NEW YORK (AP) – Retail sales increased a modest three-per-cent during a longer holiday season this year, as homebound shoppers spent more on furnishing and food but less on clothing and jewellery, according to figures released on Saturday by a firm that tracks all forms of payments.
The increase fell short of predictions from the National Retail Federation, the nation’s largest retail trade group, which had expected sales to rise between 3.6 per cent and 5.2 per cent this year compared to 2019.
As expected, a surge in online shopping fueled much of spending. Online sales rose a record 49-per-cent year-over-year between October 11 and December 24, according to the Mastercard SpendingPulse figures, which exclude services, automotive and gasoline sales.
The holiday shopping season was considered longer this year as retailers offered promotions sooner and encouraged customers to get a jump-start to avoid delivery delays. During the traditional holiday period, between November 1 and December 24, retail sales rose 2.4 per cent year-over-year, according to Mastercard’s data.
Senior Advisor for Mastercard and former CEO and Chairman of Saks Incorporated Steve Sadove said the surge in online spending and the early shopping was “a testament to the holiday season and strength of retailers and consumers alike”.
Buying trends benefited e-commerce giant Amazon and big-box stores like Target and Walmart, which already had robust e-commerce operations and were allowed to stay open during the pandemic, attracting shoppers who wanted to avoid visiting multiple stores.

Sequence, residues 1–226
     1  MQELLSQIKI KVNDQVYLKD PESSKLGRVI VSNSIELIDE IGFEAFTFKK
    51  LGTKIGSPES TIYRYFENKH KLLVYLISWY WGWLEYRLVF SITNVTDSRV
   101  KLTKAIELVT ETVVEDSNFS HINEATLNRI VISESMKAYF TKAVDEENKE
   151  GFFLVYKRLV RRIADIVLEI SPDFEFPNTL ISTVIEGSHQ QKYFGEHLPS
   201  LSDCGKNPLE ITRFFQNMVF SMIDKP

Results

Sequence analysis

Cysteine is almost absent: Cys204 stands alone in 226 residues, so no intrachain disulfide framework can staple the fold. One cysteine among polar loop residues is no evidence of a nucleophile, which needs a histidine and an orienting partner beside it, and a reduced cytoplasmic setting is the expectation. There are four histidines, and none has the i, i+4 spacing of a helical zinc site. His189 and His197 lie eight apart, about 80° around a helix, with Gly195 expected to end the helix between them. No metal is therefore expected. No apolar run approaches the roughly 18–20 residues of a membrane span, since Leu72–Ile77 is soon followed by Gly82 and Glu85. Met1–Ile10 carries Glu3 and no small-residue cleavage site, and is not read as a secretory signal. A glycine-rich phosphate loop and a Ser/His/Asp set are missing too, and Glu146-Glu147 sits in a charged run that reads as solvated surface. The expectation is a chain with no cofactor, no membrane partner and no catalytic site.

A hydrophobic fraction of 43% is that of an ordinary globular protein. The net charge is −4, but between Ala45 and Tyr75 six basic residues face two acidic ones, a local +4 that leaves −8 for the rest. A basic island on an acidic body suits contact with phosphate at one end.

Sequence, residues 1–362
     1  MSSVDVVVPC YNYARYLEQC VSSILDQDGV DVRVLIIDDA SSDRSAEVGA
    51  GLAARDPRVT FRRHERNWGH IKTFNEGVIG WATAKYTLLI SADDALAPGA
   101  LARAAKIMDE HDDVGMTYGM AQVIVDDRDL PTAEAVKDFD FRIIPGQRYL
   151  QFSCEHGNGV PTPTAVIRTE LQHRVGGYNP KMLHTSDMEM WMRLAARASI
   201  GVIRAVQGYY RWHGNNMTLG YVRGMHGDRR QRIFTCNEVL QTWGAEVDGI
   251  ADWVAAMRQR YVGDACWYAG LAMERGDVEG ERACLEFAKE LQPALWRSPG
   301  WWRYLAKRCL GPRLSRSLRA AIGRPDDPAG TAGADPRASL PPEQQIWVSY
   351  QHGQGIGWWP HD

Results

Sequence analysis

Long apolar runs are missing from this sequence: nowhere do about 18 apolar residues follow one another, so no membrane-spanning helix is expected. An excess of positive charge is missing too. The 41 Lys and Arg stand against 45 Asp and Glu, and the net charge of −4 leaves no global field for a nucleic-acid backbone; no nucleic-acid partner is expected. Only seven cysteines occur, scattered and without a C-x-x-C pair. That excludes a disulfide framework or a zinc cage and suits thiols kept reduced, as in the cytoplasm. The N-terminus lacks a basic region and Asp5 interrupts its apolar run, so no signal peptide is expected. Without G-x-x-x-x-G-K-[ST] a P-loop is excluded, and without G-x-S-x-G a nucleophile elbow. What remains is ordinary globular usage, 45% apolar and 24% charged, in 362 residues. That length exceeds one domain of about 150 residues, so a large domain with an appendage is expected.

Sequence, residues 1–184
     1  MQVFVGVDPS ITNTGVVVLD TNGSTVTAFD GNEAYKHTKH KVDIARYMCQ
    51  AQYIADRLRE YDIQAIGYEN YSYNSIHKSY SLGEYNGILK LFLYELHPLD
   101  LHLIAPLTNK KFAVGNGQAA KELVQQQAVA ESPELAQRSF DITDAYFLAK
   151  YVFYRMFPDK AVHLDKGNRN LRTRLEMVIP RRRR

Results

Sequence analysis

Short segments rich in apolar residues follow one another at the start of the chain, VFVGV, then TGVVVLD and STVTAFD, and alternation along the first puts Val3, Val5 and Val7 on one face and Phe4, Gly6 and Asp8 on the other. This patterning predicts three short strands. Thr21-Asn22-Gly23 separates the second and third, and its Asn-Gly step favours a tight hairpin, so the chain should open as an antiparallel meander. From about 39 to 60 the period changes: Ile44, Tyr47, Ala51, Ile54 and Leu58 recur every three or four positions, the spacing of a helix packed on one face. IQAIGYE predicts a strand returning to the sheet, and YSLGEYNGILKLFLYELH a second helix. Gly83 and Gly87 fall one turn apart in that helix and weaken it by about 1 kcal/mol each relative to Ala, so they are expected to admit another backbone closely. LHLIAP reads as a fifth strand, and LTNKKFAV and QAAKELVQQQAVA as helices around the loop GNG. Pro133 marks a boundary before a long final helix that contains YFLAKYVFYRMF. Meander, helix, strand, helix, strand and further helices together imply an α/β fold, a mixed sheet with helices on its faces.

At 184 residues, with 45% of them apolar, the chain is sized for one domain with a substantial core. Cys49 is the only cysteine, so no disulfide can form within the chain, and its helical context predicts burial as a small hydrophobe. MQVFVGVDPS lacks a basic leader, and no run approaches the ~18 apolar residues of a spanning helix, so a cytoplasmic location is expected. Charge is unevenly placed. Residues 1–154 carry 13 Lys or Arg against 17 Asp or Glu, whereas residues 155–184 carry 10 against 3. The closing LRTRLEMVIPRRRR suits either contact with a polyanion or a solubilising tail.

But the pandemic has been detrimental for smaller shops, clothing brands and department stores, which had already been struggling to adapt to the rise of online shopping. Already, more than 40 American retailers have filed for Chapter 11 bankruptcy protection since the pandemic started forcing shutdowns in March.
Holiday department store sales fell 10.2 per cent year-over-year, according to Mastercard.
Spending on apparel plunged 19.1 per cent, and jewellery sales fell 2.3 per cent.
Shoppers instead invested in their homes. Furniture and furnishing sales increased 16.2 per cent, while spending on home improvement rose 14.1 per cent. Consumers also favoured electronics and appliances, a category where sales rose six per cent.